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Earley’s main inspiration for “Holy Smokes Future Jokes” had been the Bardo Thödol, aka “The Tibetan E-book of the Useless,” and the George Saunders novel “Lincoln within the Bardo,” by which President Abraham Lincoln wanders the Bardo — an intermediate state between life and demise — mourning his son Willie. The books are one thing of a meta-narrative all through the album, which opens with songs referred to as “Baptismal” and “Bardos Gentle (Ouija Ouija),” and nears its finish with “Useless Billie Jean,” the place Earley imagines the titular Michael Jackson character within the intermediate state with Brian Jones, Jim Morrison and Lincoln.

“So most of the songs on the report are about individuals who have died and so they don’t fairly know that they’ve,” Earley stated. “They’re type of caught someplace. It’s this concept of individuals hanging onto issues on this life that they need to be letting go of.”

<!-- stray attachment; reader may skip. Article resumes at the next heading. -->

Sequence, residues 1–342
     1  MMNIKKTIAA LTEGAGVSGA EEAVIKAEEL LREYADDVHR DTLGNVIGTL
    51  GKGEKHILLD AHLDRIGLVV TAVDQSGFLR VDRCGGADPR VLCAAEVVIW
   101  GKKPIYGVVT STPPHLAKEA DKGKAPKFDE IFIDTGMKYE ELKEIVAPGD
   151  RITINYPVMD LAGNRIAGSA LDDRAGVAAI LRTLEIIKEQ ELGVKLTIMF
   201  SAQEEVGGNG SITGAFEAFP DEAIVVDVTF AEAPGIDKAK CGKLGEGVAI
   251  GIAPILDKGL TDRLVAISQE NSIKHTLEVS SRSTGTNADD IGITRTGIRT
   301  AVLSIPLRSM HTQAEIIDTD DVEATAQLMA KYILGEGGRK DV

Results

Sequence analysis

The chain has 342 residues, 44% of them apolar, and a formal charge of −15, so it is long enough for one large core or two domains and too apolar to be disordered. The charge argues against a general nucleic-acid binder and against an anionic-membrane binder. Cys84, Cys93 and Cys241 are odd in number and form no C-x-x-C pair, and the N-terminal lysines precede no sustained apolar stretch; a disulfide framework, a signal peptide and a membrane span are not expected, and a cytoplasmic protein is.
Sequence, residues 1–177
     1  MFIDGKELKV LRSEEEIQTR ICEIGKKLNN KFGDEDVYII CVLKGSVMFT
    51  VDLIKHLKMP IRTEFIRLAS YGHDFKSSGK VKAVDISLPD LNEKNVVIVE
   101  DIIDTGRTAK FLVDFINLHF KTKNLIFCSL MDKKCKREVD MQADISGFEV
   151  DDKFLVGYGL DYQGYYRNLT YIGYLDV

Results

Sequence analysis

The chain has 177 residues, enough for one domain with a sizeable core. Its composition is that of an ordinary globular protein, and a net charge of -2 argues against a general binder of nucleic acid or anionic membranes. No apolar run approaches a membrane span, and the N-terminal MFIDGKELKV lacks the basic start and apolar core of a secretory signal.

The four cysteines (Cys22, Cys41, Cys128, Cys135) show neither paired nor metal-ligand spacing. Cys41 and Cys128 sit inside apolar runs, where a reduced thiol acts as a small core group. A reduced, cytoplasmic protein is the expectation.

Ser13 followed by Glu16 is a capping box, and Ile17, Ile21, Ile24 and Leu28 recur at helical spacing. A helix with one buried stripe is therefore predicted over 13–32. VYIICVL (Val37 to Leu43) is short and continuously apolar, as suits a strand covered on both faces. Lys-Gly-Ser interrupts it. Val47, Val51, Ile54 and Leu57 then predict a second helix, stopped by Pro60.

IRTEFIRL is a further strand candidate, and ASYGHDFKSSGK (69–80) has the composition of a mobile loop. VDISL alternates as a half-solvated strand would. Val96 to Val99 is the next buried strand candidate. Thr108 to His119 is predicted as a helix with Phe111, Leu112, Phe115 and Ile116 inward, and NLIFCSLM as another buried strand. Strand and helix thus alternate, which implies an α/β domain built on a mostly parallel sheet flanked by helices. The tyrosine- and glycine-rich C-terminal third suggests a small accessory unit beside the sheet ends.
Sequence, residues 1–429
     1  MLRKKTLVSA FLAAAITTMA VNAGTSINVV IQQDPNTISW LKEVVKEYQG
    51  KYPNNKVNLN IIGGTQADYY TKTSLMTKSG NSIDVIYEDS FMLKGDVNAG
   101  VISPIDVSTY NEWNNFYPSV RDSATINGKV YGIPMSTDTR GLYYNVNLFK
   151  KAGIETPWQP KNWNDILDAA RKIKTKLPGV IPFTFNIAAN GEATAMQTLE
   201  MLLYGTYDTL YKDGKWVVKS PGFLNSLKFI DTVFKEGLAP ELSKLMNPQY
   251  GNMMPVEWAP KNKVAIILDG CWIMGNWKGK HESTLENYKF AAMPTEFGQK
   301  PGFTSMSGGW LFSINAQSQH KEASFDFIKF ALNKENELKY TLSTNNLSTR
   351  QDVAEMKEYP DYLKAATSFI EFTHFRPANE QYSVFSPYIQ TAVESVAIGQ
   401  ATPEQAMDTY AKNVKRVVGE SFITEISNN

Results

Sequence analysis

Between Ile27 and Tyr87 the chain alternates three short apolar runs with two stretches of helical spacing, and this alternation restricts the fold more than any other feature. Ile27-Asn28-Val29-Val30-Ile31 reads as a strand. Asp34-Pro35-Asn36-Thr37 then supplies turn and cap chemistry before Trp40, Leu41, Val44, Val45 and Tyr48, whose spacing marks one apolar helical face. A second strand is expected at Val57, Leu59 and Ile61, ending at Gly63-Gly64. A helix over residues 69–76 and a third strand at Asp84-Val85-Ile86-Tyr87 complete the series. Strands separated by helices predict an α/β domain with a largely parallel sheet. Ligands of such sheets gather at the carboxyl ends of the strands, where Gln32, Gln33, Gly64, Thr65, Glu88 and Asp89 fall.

Being caught within the Bardo works as a metaphor for absolutely anything in America 2020 — Congress, COVID-19 lockdowns, unemployment — which supplies the report a sure retroactive prescience. Earley stated his work at Do Good additionally influenced his writing.

“I feel working within the shelter modified my perspective so drastically, over a comparatively brief time period, that I don’t assume I noticed the affect it had till I’ve been doing interviews,” he stated. “Within the homeless group and, I feel, American society typically, we dangle on to so many issues: desires and aspirations and this delight of individualism. The American Dream and all that is an phantasm, however we proceed to hold on to it. And so I feel lots of that made its means into the music.”

To torture the Bardo analogy for only one sentence longer, Blitzen Trapper has been hanging on and letting go as properly. In hindsight, a lot of the band’s exercise since 2016 looks like one thing of a valediction. There was the 2016 acoustic “Songbook” tour, the place Earley and his bandmates shared tales of well-spent youth and musical discoveries, taking part in each originals and covers, from Neil Younger to Pearl Jam to Elliot Smith. Then got here “Wild and Reckless,” with its Previous Portland setting, whereas the band closed the e-book on 2018 with a tour to advertise Sub Pop’s tenth anniversary reissue of “Furr.”